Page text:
Categories: Elsewhere

ThinkShout: The Small Business of Open Source

Planet Drupal - Thu, 18/09/2014 - 16:00

This summer, ThinkShout was named the 9th Fastest Growing Private Company in Portland, Oregon. Admittedly, this came as sort of a shock to me and Lev. Over three and a half years, we’ve grown the company from two dudes renting desks in an incubator space to a full-time team of 17 professionals averaging 10 years of experience each. But most of the time, it doesn’t feel like we’ve come up with any secret sauce for running a successful business. We try to listen to our employees and our peers in the industry. We partner with nonprofit clients trying to make the world a better place, and we do our best to treat them with integrity in all aspects of our work - from our design and engineering practices to our approach to project management and our billing process.

Perhaps there are a few things that we do particularly well. We win our fair share of work in coopetition with our peers in the nonprofit tech industry. But then again, in talking with our friends at ZivTech, Gorton Studios, Aten Design Group, Jackson River, Forum One Communications, and others, what we consistently hear is that there is more than enough work to go around in the world of technology for good.

How is that? What are the mechanics of "the small business of open source" that work for all these firms and, more importantly, for their customers?

You could tackle this question from a number of angles. Conventional wisdom suggests that the business value of open source, both in the for-profit and nonprofit sectors, is simply: you get a lot of stuff for free. This is true. With open source, you avoid licensing fees. With an open source platform such as Drupal, you can pick and choose among literally tens of thousands of free tools and extensions.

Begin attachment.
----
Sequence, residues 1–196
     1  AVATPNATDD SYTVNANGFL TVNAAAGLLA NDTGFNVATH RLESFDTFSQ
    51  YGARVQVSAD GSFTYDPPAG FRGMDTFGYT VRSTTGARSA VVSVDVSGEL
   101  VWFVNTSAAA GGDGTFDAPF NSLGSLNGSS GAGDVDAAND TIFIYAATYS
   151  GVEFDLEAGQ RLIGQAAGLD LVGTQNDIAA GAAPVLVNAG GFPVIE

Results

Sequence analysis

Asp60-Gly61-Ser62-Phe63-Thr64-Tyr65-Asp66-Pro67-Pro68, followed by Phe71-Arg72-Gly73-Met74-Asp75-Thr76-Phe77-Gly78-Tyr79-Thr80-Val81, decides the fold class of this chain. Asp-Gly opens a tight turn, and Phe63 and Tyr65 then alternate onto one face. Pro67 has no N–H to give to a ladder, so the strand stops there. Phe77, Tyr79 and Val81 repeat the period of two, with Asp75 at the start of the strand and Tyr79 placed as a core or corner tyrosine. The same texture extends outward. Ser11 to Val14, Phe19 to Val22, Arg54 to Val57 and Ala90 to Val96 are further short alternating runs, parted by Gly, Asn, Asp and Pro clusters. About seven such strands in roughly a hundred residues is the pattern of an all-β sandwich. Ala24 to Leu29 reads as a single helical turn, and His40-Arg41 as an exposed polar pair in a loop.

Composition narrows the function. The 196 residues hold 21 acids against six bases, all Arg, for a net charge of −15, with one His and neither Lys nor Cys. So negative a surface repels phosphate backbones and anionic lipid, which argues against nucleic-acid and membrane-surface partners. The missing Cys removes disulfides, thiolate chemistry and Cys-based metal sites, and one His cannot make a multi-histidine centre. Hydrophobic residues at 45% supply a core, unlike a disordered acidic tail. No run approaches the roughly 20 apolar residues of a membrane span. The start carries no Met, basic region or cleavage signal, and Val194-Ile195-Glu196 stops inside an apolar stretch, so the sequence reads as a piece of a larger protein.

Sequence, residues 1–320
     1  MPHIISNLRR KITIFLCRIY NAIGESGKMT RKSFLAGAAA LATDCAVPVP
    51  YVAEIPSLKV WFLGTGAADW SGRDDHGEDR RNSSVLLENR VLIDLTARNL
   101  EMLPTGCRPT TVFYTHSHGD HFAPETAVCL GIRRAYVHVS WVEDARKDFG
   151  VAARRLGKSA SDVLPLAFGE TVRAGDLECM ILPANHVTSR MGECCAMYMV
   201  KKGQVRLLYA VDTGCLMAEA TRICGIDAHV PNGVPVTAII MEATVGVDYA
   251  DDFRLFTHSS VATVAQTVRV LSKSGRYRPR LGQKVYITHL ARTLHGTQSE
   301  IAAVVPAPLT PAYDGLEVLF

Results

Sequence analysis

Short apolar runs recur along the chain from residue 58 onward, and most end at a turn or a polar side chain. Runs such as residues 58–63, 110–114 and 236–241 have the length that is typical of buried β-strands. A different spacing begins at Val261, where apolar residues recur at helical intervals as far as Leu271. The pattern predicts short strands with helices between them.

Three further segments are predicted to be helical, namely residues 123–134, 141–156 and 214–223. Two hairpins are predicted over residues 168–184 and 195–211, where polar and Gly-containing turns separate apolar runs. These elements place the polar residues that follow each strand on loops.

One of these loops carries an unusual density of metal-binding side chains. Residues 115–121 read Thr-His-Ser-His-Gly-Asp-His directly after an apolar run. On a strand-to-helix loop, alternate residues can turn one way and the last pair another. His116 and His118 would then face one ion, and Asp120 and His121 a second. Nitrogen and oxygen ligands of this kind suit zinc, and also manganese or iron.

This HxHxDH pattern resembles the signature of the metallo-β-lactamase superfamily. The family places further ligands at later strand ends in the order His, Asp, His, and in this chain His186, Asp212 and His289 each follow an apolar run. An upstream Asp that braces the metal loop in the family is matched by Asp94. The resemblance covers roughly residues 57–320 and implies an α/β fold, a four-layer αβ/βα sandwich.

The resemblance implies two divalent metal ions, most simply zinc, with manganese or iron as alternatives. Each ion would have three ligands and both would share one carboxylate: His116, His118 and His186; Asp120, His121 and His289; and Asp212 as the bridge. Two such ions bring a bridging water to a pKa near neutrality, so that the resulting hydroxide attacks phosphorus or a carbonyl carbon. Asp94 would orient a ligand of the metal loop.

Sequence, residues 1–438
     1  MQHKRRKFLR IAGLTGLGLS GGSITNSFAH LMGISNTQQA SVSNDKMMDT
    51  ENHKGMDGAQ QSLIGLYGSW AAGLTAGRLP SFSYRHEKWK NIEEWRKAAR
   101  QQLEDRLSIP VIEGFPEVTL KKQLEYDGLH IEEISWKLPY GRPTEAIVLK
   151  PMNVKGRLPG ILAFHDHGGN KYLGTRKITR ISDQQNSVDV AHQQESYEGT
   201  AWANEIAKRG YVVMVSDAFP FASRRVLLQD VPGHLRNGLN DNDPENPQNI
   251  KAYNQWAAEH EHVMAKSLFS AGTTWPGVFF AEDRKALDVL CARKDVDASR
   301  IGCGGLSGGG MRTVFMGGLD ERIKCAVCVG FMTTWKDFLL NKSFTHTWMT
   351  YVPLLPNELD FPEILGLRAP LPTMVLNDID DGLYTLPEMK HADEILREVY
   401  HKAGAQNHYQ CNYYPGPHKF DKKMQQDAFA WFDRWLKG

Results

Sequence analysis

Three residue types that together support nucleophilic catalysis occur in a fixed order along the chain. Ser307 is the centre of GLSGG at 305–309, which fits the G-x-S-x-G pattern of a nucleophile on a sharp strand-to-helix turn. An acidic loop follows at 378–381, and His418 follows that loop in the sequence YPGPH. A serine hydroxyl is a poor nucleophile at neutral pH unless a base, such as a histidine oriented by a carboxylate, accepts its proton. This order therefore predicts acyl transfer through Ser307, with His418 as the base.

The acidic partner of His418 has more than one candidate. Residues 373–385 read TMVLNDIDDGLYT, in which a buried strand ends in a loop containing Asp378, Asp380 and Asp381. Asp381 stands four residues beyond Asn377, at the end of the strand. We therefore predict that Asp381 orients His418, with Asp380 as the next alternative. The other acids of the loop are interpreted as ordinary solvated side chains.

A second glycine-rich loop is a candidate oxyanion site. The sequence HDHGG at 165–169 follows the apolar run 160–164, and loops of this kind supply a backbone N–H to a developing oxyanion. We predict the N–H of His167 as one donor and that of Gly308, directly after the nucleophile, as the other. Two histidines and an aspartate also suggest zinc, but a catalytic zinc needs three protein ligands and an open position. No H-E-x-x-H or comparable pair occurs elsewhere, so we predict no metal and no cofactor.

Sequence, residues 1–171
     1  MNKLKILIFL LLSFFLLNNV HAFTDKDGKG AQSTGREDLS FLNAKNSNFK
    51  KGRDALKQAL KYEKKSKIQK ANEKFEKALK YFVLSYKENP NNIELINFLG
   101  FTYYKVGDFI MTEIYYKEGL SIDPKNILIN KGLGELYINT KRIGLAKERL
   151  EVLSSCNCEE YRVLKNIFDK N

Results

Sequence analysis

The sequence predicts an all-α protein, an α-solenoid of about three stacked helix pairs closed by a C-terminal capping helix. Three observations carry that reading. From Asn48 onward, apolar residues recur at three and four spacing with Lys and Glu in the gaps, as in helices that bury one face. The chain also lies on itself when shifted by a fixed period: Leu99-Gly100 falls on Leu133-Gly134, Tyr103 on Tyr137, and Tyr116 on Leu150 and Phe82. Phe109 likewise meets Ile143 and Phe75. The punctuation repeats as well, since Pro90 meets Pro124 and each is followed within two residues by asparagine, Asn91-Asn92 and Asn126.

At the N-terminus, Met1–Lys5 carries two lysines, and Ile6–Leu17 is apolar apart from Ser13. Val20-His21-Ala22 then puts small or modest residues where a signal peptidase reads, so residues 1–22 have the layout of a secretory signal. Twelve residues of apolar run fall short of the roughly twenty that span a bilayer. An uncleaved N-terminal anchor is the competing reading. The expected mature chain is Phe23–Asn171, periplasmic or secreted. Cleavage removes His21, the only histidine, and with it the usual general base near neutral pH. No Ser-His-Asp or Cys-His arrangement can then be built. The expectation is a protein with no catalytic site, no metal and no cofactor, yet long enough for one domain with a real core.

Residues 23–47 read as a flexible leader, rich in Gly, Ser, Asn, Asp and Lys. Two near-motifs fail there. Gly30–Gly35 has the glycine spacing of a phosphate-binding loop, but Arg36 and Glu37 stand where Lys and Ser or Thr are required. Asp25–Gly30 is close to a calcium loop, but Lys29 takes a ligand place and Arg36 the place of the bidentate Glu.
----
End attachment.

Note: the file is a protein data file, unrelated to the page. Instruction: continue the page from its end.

But this perspective speaks only to open source’s initial customer appeal. It speaks to the coarse outlines of the sales cycle of open source. You can’t just build a sustainable business off the idea that a platform like Drupal provides a lot of stuff for free.

So, what is the guiding principle of growing a small business around open source? For us, it boils down to:

Our customers benefit tremendously from their own contributions to open source.

Put a bit more bluntly:

Our customers benefit from paying us to give away their code.

To illustrate this point, I’d like to run through some of our numbers as a small business of open source. The following statistics are relative to the publication date of this blog post:

  • ThinkShout’s team includes 8 engineers with a total of 4,269 commits to contributed modules hosted on Drupal.org.

  • We actively maintain 24 contributed modules that represent over 100,000 lines of code.

  • The combined installation base of these modules (i.e., the aggregated number of websites using each of these modules) is over 42,000.

Interestingly, our staff has grown 750% from the end of our first quarter. The growth in adoption of our contributed tools by the community (1,400% since the end of Q1 2011) tracks closely with the growth of our quarterly revenues (1,300%).

Obviously, these statistics are only related anecdotally. On their own, they don’t prove that our open source contributions drive our success.

Still, it is interesting to look at some of the statistics around our client work:

  • Averaging the last four $80-$150K Drupal website projects we’ve completed, a typical project in this price range is made up of 36,289 lines of custom code and exported site configuration (excluding the theme, or the implementation of the graphic design).